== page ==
(From an e-mail I sent to my family:)

I survived my new mitzvah today. It was trying at times, but satisfying. Today, I helped prepare the body of an old man whom I had never met for his funeral.

I wasn't sure how it would go. When I was driving to the mortuary, I couldn’t stop asking myself if I would be able to go through with it. I've never been good with doctors. Needles and blood make me feel faint. How would I be able to handle seeing the body of a dead person? In the end, I just decided that I had been asked because there was a need, and therefore I would do it.

I had asked a couple of people for advice the day before. One person told me, "It’s the greatest mitzvah, because there's a 100% guarantee that this person will never, ever repay you for the favor you are doing them." I think the thing that finally convinced me was when I found out that if I actually went through with it, I would be the third generation in my family to help in this unique way.

I don’t know whether it was intentional or not, but I arrived a little late. The receptionist directed me to the room where the body was being prepared and off I went. I found my way, stuck my head in the doorway, and immediately saw people I knew from shul around a draped body on a table. I took a deep breath, and walked in. I was told how to put on a gown and gloves, shown what brachot to make, and given my job of filling the laver for the person who did the initial washing. No discussions, no opportunity to ask questions, and no chance to back out.

I didn’t actually see the body for a few minutes so I just focused my attention on my small job. After a few minutes, my mind seemed to grasp that whatever my fears might have been, there was nothing to worry about.

The thing that initially struck me was how much the physical body changes when the neshamah (soul) is gone. It seems to literally shrink. It was like looking at a balloon the day after a party—slightly shriveled, resting on the floor, a poor reminder of the floating ball of vibrant color you and your kids played with the previous day.

Every time I started to think this way, I was careful to remind myself that this was a man—someone's father, brother, uncle or husband. At that point, I became more embarrassed about what we were doing than anything else. We did our best to maintain an atmosphere of modesty and kept him covered as much as possible. Conversation during the process was kept to an absolute minimum, mostly just instructions about what to do.

It was so beyond the range of my experience that I didn't know what to expect, and even during the process, I still wasn't sure about my own feelings. I just focused on doing what had to be done. There were only a couple of times where a smell would bother me, or seeing how the body reacted after being moved a certain way caught me off guard. By the end of the hour, I was as involved as everyone else there.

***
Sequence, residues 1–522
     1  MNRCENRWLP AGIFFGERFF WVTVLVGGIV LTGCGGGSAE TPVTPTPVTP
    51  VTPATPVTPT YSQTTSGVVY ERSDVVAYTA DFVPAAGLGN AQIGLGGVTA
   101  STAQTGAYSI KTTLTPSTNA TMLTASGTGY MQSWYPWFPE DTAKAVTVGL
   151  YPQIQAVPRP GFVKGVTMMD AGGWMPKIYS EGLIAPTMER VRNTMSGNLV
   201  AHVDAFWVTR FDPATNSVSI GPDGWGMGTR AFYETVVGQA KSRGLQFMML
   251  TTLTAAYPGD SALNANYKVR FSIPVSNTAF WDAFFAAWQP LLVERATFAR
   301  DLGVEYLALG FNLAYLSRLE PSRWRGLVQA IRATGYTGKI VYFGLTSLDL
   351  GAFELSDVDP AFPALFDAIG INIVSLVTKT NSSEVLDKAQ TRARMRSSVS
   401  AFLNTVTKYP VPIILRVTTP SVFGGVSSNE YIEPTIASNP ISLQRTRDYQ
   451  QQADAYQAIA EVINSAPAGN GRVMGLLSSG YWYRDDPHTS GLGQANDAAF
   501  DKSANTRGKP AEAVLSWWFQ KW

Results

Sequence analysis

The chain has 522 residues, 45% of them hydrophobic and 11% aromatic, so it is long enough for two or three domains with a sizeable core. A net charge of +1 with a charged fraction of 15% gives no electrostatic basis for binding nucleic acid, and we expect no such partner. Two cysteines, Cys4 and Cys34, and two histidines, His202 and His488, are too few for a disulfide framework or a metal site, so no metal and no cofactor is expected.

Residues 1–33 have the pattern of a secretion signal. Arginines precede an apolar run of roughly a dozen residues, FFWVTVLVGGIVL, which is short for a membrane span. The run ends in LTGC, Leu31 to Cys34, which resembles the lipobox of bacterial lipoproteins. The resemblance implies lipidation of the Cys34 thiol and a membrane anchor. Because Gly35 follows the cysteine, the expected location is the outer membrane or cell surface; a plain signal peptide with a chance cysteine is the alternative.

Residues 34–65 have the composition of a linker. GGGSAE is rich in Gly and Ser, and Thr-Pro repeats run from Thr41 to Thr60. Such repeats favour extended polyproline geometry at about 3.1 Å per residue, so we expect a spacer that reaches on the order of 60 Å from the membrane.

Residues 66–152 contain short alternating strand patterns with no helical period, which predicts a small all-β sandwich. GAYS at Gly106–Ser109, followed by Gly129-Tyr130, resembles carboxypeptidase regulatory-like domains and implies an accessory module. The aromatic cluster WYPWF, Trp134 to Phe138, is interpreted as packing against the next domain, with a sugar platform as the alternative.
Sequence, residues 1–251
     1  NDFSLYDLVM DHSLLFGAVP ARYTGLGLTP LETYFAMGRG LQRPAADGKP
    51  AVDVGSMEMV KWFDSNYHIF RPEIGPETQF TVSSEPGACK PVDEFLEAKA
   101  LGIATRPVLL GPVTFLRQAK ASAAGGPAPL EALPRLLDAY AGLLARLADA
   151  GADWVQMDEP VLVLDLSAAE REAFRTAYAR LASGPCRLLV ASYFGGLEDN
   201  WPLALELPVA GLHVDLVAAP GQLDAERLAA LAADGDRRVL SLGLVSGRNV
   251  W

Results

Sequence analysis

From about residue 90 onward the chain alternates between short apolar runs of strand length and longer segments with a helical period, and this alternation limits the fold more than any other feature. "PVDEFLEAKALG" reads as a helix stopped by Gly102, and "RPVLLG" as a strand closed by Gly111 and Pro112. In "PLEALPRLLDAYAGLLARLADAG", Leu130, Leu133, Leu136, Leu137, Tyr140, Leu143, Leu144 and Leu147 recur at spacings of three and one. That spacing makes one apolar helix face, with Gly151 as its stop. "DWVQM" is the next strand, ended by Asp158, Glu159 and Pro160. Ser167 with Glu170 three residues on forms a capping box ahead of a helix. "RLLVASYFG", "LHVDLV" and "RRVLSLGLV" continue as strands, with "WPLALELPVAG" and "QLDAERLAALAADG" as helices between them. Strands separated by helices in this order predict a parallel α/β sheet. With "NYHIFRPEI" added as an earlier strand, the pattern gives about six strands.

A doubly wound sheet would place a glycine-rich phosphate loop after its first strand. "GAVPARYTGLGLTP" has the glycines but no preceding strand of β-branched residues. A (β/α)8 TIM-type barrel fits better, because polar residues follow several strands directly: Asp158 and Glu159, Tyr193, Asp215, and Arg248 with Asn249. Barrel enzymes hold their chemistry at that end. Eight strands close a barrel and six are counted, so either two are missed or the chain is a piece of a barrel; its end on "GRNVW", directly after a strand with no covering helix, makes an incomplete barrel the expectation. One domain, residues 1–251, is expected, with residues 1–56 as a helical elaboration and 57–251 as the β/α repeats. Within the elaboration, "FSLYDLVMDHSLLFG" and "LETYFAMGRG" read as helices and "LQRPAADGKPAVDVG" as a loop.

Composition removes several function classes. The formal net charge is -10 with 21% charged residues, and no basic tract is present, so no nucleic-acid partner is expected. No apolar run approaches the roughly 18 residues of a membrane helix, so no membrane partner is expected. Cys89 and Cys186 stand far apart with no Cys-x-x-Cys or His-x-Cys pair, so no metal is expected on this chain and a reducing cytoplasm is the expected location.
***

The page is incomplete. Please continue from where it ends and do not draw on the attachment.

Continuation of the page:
It wasn't until after we had dressed him in a shroud and placed him into the casket that it suddenly became familiar to me. The mechanical aspect was done, and it struck me once again that others who knew him would be seeing only the casket. The four of us from the Chevra Kaddisha (I guess I have to include myself now) were the last to really see him in his current state—a body without a soul. It was truly a sad realization.

Oddly enough, just yesterday I learned in Talmud that the soul doesn't completely leave the body until the last shovel-full of dirt is placed on the grave. I believe that this is the reason we are so careful as we go through the process of preparing the body. If it feels like someone is watching—it's because someone is, and it's very personal to him or her.

They don't have it easy either. They are experiencing something new and are in a place that they have never been before. In many cases, they may be without pain or physical limitations for the first time in a long time. While I'm sure that it’s a welcome relief, I imagine that it's similar to the feeling you have when you are driving and think you might be lost. Do I keep going and hope it turns out OK, or try to turn back and get some help? Unfortunately, turning back is not an option in this case.

As I walked behind the hearse and focused on fulfilling the mitzvah of escorting the dead, I was struck by what I had done. I have been to a number of funerals and been among the mourners. There, everyone focuses on dealing with the living, because that is whom the funeral is truly for. Having been one who focuses on the dead, and after escorting this man as he left the mortuary, I have a new perspective.

I will probably repeat this experience in the future. It was not easy, and I'm sure it won't be next time, but I guess it's not supposed to be. I can't say that I recommend this for everyone. It is mentally, emotionally, and to a lesser degree, physically challenging. At the same time, it’s one of those things that falls into the category of "you have to do it once."

I have more respect than ever for the people of the Chevra Kaddisha and other similar organizations. They have no desire for glory, recognition, fame or fortune. They don’t advertise in newspapers and magazines for support or members. They are most likely the people in your town who are most focused on doing as many mitzvot as possible. I would urge you to recognize their dedication and selflessness by making a contribution to one of the following organizations; either in their own merit or the merit of someone you may know who has benefited from their services.